Straits could be scary tough

HAVEN, Wis. -- The landscape is the same. So is the weather.
It's as if Herb Kohler bought a chunk of Ireland, flew it across the
ocean, and inserted it between the farms north of Milwaukee and south of
Green Bay.

Instead he imported the mystical Pete Dye, turned him loose on 560 acres, trucked in 800,000 cubic yards of dirt, and came up with what today's players are calling the hardest course they've every played.

"The toughest par-77 in the world," said Darren Clarke, the Northern Irishman. "I didn't realize there could be that many par-6 holes on one golf course."

Whistling Straits may look like Ballybunion or Royal Portrush, but it plays more like Dye's most famous work, the TPC-Sawgrass.

"It shows what you can do with money, imagination and bulldozers," said Charles Howell III.

It also shows that what you see is not what the players will get in terms of bounces.

"It does not play like a links-style course," said tournament favorite Phil Mickelson. "There are not any run-up shots into the greens. You have to play it in the air and fly shots on."

There are no island greens, but Lake Michigan borders two miles of the course. And at almost 7,600 yards, even the big hitters will be needing 3-irons into the par
3s and some of the par 4s.

"This is a big golf course," said Wisconsin native Jerry Kelly. So big that Tiger Woods needed 3-wood to reach the 18th green during a Tuesday practice round. Playing partner Mark O'Meara need a full lob wedge for his third shot on the same hole.

"Double-D went up there and just smoked one," Woods said of David Duval. "Didn't get it to the fairway."

The finishing hole, which measures 500 yards, and the 223-yard par-3 17th, will invoke the most criticism.

Besides its length and uneven lies, the cloverleaf green at the 18th will get its share of abuse --- verbal and physical. You'll see stymied players using wedges rather than putters.

As for 17, the complaint box is already loaded over the pile of dirt that Dye shaped into what Stuart Appleby described as a "huge zit" in the front right corner of the green. The bunkers stacked between the lake and the putting surface are so deep that Rocco Mediate deliberately played from one to another during a practice round.

Will this be the PGA's answer to Carnoustie? It will depend on the weather. The forecast improves throughout the week, with light winds and temperatures in the 70s by the weekend.

"I tell you if I was an 18-handicapper I wouldn't want to play here," Woods said.

It is the type of test that will make the best players in the world feel like an 18-handicapper at times.

"You might see a club pro shoot in triple digits," said one tour pro. Out of respect there is no official over/under on Duval, who shot 82-82 in his return at Shinnecock.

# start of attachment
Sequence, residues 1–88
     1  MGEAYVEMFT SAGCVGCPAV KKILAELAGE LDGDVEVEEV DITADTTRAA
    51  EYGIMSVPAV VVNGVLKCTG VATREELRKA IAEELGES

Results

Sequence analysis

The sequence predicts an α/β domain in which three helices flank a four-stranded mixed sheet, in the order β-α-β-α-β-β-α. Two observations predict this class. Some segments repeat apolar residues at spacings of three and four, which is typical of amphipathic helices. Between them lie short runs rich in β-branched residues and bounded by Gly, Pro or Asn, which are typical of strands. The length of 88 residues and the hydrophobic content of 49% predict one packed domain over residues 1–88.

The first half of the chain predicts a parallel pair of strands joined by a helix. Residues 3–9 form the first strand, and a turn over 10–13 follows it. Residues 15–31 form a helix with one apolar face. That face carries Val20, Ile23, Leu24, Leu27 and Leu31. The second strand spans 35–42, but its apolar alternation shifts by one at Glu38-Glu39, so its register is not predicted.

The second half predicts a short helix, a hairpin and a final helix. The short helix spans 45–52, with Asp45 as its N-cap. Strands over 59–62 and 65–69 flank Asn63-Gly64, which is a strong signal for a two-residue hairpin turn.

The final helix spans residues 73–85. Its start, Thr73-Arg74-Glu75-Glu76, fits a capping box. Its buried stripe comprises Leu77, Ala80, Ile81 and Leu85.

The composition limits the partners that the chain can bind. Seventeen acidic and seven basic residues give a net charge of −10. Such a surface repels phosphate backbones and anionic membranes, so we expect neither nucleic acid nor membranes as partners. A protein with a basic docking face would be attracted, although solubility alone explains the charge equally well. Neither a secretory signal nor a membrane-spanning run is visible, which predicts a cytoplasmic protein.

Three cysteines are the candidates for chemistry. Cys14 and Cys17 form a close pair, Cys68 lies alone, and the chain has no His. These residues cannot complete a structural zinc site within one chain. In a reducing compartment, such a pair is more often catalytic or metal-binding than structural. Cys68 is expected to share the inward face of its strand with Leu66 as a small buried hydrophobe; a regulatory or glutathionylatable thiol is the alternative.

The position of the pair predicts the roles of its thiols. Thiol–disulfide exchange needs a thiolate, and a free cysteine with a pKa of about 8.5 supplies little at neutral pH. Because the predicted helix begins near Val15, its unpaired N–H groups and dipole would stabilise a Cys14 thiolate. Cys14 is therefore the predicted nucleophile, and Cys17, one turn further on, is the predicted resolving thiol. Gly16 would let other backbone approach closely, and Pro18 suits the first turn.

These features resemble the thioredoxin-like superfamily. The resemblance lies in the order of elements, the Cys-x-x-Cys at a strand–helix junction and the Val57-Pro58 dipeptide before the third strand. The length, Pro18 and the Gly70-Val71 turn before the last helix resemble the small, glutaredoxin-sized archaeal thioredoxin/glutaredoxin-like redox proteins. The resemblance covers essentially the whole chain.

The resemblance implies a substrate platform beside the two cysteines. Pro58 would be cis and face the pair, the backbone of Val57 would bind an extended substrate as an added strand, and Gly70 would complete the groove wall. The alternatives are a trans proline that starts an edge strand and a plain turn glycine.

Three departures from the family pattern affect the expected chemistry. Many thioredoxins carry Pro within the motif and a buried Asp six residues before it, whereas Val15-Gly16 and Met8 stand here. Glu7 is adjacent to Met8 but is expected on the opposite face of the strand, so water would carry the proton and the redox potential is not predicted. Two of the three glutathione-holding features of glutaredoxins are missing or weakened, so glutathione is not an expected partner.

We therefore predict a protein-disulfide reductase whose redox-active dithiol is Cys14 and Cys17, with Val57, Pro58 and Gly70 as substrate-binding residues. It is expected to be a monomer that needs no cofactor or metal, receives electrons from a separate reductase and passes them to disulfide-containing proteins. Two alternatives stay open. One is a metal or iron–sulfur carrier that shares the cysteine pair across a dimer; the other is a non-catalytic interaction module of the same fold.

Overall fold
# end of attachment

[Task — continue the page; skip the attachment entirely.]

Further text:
The fear factor is reminiscent to when the Stadium course opened 30 years ago, with the designer achieving what he was intending. The game is a mental test as well as a physical one, and Dye provides a test shot-after-shot to the point where a marginal shot can result in a double bogey

"I think these boys, hit it as far and as straight as they do," Dye said. "They shouldn't have any trouble, really."

Dye's definition of trouble is different than Lee Westwood's.

"I've been told before I got here that there were 10 really difficult holes and eight impossible ones," said the Englishman. "I'm just trying to work out which the 10 difficult holes were."

Quiet Please
There's a difference between American players skipping the British Open en masse and one player withdrawing from the PGA Championship to spend summer vacation with his family.

It's called perspective.

Nick Price, a two-time winner of the Wanamaker Trophy, pulled out of the PGA at Whistling Straits -- the second straight year he has withdrawn from the
tournament that cemented his career.

At 47 he doesn't have many majors left. But what's one more major when the kids still want you around?

"This is a hard one in a way, and a very, very easy one in a way," Price said from Baja, Calif., where he's relaxing with the family before the kids return to school next week. "Missing a major is a tough decision, but when I think back, what I remember vividly were the holidays we took with my family," Price said. "My son is 13, and in two years he's not going to want to be on vacation with his family. He'll
want to be with his friends."

That son, Gregory, the oldest of Price's three children, was born the week of the 1991 PGA, creating the opening that gave birth to John Daly's career, and the karma that helped produce PGA victories for Price in 1992 and 1994.

It's easier to skip the PGA with three majors and a spot in the Hall of Fame, but Price shouldn't feel guilty -- or be painted as a hero. He did what any good father would
do in that situation. He put his family first.

Tim Rosaforte is a senior writer for Golf World magazine.